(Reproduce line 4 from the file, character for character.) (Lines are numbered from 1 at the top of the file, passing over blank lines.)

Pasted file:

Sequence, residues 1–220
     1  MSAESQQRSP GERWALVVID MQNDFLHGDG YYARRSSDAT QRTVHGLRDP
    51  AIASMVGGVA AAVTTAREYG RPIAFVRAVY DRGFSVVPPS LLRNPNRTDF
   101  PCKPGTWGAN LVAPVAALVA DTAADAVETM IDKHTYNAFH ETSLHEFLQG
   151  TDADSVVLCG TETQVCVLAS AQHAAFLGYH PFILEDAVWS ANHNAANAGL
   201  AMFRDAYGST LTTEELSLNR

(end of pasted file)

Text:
   101  PCKPGTWGAN LVAPVAALVA DTAADAVETM IDKHTYNAFH ETSLHEFLQG